Like the idealized and immutable rurality of this vision, the masculine is often similarly conceived as rock-solid and unchanging. What is the toughness and self-reliance of the real man but a kind of gendered obdurateness in the face of the trials of life and what they fling at the self? In this conception, masculinity is not compliant, nor does it vacillate; it makes no errors and therefore never has to correct the self; it takes no input from others because it needs none—it is already done, complete, finished and everlasting; rock not water, nature not nurture.

Given the persistence and power of these conceptions, it may seem culturally paradoxical to consider not just the rural in the context of change, but rural masculinities—apparently a double immutability. But rural masculinities are plural, not singular, and in that plurality we find both the means and the evidence of rural masculine change. In these final chapters of the book, two experienced observers of the rural and the masculine consider the methods and the indications of this change, and ponder the possibilities and constraints for future directions in rural masculinities.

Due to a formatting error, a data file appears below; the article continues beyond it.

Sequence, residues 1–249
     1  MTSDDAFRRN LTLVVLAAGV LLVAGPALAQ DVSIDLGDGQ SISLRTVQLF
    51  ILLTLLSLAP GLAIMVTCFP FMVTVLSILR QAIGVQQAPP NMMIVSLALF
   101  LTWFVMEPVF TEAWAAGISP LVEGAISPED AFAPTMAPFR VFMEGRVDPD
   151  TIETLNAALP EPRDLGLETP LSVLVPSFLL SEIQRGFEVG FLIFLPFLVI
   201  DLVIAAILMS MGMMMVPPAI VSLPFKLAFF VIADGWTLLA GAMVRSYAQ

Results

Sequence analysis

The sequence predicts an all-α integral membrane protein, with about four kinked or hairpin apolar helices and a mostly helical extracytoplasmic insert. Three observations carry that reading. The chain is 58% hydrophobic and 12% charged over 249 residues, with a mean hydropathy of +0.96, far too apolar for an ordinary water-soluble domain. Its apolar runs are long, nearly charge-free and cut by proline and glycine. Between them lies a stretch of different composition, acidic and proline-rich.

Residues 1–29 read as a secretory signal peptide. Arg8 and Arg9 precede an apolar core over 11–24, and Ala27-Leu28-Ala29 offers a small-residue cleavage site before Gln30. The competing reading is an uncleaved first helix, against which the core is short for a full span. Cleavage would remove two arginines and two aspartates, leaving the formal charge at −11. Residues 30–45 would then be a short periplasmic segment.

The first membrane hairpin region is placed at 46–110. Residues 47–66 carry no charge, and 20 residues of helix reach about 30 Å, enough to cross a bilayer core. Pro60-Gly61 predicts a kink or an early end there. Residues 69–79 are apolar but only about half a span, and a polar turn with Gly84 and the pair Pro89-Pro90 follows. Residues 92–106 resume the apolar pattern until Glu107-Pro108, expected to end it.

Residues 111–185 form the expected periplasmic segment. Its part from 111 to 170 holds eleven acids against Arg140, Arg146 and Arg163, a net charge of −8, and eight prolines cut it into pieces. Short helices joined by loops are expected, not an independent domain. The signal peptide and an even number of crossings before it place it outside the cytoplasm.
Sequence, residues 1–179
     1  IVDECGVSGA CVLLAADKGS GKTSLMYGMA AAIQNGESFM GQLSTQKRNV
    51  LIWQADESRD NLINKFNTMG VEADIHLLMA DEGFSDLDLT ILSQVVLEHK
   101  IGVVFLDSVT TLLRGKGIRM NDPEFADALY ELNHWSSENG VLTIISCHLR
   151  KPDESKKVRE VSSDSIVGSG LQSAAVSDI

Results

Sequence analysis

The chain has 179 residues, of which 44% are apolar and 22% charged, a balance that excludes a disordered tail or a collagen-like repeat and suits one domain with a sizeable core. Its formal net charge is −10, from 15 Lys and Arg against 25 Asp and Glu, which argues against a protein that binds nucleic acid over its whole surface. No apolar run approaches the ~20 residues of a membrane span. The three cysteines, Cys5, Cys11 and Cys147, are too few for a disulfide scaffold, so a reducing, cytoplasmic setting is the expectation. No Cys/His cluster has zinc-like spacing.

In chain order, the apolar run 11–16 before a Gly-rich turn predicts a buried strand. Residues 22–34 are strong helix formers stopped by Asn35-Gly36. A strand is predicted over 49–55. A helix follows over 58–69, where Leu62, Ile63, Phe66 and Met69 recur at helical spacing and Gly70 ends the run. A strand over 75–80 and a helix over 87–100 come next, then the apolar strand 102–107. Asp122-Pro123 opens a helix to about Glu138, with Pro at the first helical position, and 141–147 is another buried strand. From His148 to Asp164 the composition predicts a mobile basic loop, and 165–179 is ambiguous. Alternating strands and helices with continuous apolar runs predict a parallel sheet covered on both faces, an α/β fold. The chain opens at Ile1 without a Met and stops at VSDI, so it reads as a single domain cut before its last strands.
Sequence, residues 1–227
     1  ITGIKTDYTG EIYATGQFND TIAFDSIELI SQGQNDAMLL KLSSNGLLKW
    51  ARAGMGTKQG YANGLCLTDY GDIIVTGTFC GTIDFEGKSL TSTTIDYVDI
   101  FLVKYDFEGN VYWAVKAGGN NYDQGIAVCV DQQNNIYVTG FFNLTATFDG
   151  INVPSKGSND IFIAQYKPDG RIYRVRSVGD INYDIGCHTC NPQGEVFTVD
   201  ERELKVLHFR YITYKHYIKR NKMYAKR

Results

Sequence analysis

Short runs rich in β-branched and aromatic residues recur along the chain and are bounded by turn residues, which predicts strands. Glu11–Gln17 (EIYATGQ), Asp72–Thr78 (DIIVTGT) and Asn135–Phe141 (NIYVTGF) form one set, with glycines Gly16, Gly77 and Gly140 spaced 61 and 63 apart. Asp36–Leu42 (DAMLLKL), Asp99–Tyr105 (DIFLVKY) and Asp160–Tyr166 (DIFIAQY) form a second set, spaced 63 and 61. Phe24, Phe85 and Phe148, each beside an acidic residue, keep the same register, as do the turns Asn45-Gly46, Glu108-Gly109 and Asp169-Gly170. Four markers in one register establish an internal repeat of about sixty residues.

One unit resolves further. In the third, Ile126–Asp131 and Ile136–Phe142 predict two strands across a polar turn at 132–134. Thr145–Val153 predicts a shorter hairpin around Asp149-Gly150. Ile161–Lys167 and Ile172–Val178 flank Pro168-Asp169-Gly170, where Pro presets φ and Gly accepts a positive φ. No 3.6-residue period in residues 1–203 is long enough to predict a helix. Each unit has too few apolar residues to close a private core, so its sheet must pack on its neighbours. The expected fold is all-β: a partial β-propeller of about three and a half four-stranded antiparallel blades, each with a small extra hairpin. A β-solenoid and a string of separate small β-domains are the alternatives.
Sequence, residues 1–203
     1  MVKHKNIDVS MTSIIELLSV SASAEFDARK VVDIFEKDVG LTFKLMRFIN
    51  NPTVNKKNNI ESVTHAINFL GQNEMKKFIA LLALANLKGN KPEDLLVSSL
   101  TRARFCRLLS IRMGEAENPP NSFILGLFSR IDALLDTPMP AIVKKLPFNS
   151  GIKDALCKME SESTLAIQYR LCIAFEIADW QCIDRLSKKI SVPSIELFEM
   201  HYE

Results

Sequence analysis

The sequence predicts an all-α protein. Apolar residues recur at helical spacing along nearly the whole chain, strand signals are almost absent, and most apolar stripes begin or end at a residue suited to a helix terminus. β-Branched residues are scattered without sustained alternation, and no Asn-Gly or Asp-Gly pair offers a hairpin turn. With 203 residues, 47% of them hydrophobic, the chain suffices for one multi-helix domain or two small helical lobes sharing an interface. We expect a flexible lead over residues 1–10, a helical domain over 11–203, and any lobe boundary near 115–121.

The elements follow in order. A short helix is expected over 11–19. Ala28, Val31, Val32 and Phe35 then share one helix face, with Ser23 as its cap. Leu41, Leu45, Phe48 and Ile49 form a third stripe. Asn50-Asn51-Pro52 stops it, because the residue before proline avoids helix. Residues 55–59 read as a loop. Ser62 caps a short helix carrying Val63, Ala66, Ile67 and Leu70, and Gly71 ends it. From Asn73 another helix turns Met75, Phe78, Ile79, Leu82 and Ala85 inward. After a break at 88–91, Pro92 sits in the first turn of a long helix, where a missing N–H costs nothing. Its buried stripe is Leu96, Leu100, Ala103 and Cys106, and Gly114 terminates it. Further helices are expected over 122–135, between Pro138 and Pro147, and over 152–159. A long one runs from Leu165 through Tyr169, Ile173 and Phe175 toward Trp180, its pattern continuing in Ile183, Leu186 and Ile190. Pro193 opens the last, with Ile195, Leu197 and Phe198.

Robert Connell gives us a largely historical vision of this apparent double obdurateness, showing how intellectuals from ancient Rome to modern Australia have found much more than singular and unchanging masculinity in the rural. Connell opens by reminding us of the Roman poet Virgil, whose writing is steeped in the conservatism we so strongly associate with the male farmer and his countryside, before moving to sketch out a history of rural radicalism. From the late nineteenth-century Australian magazine The Bulletin, with its sense of the rural as a site of a cleansing masculinity capable of exposing the corruptions of capital, to the commune movements of the sixties, to contemporary counterculturalists, Connell shows us how intellectuals have long envisioned the rural as a place to start anew, to experiment with alternative gender relations, and to resist the depredations of mammon.